Pilgrimage to Sierra Snow Melt

September 14, 2010 § 2 Comments

A lake forms from snowmelt. As we speak.

Spending time in the Sierra Nevadas this past weekend, I feel as if I’ve glimpsed just a bit of the creation of the world. Geological formations change my sense of scale. Ten thousand years seems like a blink of an eye. The subtle work of freezing water makes rocks cleft in two. Plant roots extend cell by cell into granite crevices, pebbles become soil. Snow on distant peaks melts in the sun, rivulets of snowmelt carve rock before our eyes. As water, wind, and plants unravel the mountain tops, the mountains grow from below.

We chose a campground alongside a creek at the bottom of a canyon at the base of Tioga Pass. I had visited the same location in late July this year and vowed to return. At that time, I was reminded everytime I dipped into the creek and nearly passed out from hypothermia, of exactly where streams come from– melting ice. But the landscape all around had been lush and green, meadows were drenched in water, and flowers I’d only seen in pictures or in nurseries, bloomed everywhere.

Just ninety days later, the meadows had become brown and the streams that had run through them now resembled gravel paths. There was little snow left on the mountain peaks. Frost had withered many plants. In the place of flowers which had been in brilliant bloom last month, were ripened fruit and exploded seed pods.

Despite all these changes, I noticed that the creek in the campsite was exactly as in July: the amount of water was no more, no less. I made the connection to the fact that the lakes abovestream were all dammed, and engineers might be regulating the flow of the creek. Following that came the realization that the canyon we were camping in is part of the extended watershed of the Los Angeles Metropolitan area. After passing through our campground, our creek would be diverted into a pipe. It would join with the water of several other Mono Basin creeks in the Los Angeles Aqueduct.

The very creekwater we were listening to, playing in, and even bathing in, was the same water that would soon appear from the tap in my Los Angeles house!

Roughly half of Los Angeles’ water comes from the Los Angeles Aqueduct. If half of that came from the Mono Basin, it seems reasonable (given that one third of the Mono Basin portion is supplied by our creek) to estimate that one twelfth of the water that comes out of the tap in my house comes from the creek we camped at.

After making the connection between the creek and the tap in my house, the whole water cycle suddenly seemed incredibly intimate, even disturbingly so. I found myself studying things that fellow campers had left behind: bits of trash that ended up in the streambed. I wondered if I should pick those things up. But there were so many little things! I stared at the foamy white globs of toothpaste that I spit out of my mouth after brushing my teeth, though at a distance from the stream, and wondered why I hadn’t bought biodegradable toothpaste. When I rinsed some dishes in the creek, my son made a comment about how microorganisms that feed on those food scraps might get zapped by chlorination, but that the byproducts they produce would remain in our water.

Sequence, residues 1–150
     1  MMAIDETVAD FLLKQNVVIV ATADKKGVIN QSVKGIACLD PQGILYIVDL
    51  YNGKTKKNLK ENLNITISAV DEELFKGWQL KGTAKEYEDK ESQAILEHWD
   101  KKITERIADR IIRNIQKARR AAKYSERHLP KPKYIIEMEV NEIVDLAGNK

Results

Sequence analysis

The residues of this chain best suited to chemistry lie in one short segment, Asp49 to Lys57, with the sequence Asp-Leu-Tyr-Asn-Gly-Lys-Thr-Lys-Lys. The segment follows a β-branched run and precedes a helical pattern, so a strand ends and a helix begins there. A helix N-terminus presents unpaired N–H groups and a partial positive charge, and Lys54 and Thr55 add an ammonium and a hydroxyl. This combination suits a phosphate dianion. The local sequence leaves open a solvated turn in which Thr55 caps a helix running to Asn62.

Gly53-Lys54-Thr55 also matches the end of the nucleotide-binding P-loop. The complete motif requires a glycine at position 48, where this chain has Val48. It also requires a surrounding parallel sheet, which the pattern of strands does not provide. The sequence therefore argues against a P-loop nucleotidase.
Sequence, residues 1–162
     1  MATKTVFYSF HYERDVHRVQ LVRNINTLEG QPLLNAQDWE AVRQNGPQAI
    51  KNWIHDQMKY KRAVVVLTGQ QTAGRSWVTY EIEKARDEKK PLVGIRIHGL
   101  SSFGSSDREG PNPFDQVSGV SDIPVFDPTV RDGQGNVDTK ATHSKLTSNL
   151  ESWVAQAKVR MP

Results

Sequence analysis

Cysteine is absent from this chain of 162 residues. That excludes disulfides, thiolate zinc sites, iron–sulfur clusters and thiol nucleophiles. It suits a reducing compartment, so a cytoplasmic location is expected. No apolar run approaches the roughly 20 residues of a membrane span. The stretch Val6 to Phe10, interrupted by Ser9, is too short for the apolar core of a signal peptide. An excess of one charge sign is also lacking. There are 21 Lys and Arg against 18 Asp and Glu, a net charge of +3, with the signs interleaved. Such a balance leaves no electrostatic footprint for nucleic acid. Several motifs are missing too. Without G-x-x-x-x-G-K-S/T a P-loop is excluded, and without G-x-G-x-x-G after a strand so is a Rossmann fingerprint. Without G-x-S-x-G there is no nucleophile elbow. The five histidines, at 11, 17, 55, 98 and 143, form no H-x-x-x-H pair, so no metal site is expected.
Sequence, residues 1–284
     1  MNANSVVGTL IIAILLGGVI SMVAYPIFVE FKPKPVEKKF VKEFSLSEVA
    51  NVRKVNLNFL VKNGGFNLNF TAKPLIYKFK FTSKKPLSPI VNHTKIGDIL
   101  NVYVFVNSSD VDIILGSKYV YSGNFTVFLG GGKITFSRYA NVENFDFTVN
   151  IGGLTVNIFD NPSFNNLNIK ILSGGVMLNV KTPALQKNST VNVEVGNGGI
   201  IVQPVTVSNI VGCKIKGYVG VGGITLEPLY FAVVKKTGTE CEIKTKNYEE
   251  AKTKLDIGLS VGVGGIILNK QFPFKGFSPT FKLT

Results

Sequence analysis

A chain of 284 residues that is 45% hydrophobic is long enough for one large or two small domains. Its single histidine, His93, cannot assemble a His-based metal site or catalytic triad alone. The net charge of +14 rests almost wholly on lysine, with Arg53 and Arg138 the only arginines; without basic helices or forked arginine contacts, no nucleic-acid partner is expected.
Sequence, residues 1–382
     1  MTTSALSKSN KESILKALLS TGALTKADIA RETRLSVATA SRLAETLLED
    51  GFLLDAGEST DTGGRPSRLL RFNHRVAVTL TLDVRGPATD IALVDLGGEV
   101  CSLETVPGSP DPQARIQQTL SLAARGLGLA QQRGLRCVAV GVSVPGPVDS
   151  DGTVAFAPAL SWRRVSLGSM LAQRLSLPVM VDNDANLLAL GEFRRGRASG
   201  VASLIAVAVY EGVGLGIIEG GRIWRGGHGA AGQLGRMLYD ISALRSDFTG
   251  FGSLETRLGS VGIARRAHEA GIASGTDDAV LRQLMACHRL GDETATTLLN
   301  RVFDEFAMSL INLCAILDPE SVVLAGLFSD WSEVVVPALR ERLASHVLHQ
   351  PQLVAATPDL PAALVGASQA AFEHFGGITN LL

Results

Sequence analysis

Suddenly all the alpine lakes and streams we’d visited seemed a direct line to my tap.

And though I’m back at home now, I remember our campground every time I turn on the faucet….

The water from our creek would once have flowed into Mono Lake. Now, however, it is diverted into a pipe which leads it to my Los Angeles tap nearly four hundred miles away.

§ 2 Responses to Pilgrimage to Sierra Snow Melt

  • Chris Austin says:

    Just to note: LA DWP’s diversions from the Mono Basin are restricted and rather minimal until Mono Lake reaches it’s court determined level, which is still many years off.

    • Joe Linton says:

      @Chris Austin – It’s true that the diversions are restricted – due to a whole lot of work by environmentalists – but there’s still a lot of Mono basin water being diverted to Los Angeles. I couldn’t find the exact number for just the Mono Basic, but, according to Dorothy Green’s Managing Water (p.225) “Between a third and 40% of the water that historically was sent down the aqueducts is now being held to restore Mono Lake, to restore the Owens River and some of its adjacent wetlands, and … air quality… and groundwater… as ordered by courts.” Furher, Green goes on to state that LADWP expects an annual average of 321,000 acre-feet of water from Owens/Mono, of its historic 500,000 acre-feet.

      All that to say that L.A. is still getting a great deal of water from the Eastern Sierras, and still impacting those places (and others)… and that we need to use that water wisely and respectfully.

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